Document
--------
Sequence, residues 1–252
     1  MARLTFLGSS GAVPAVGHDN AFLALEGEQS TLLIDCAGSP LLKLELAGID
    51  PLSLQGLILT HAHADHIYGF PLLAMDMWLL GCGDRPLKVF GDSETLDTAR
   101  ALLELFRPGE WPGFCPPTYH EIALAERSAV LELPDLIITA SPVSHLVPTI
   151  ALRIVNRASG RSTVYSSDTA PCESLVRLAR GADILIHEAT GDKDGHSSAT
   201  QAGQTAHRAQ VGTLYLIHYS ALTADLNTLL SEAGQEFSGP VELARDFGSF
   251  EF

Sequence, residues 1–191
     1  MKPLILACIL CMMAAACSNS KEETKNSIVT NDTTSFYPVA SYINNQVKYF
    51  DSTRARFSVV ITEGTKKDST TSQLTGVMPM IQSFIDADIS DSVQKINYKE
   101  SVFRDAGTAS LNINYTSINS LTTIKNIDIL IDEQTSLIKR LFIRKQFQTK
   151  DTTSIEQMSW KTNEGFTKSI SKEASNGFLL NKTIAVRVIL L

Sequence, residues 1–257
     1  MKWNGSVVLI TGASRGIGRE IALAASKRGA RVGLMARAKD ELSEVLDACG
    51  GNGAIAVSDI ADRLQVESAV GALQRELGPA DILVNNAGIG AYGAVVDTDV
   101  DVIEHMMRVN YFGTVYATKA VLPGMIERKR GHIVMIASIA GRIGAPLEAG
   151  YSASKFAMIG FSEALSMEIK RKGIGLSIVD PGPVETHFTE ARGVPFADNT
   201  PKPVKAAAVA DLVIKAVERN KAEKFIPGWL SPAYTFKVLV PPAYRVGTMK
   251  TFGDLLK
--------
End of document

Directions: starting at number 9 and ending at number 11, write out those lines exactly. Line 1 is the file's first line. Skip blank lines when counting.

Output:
     1  MKPLILACIL CMMAAACSNS KEETKNSIVT NDTTSFYPVA SYINNQVKYF
    51  DSTRARFSVV ITEGTKKDST TSQLTGVMPM IQSFIDADIS DSVQKINYKE
   101  SVFRDAGTAS LNINYTSINS LTTIKNIDIL IDEQTSLIKR LFIRKQFQTK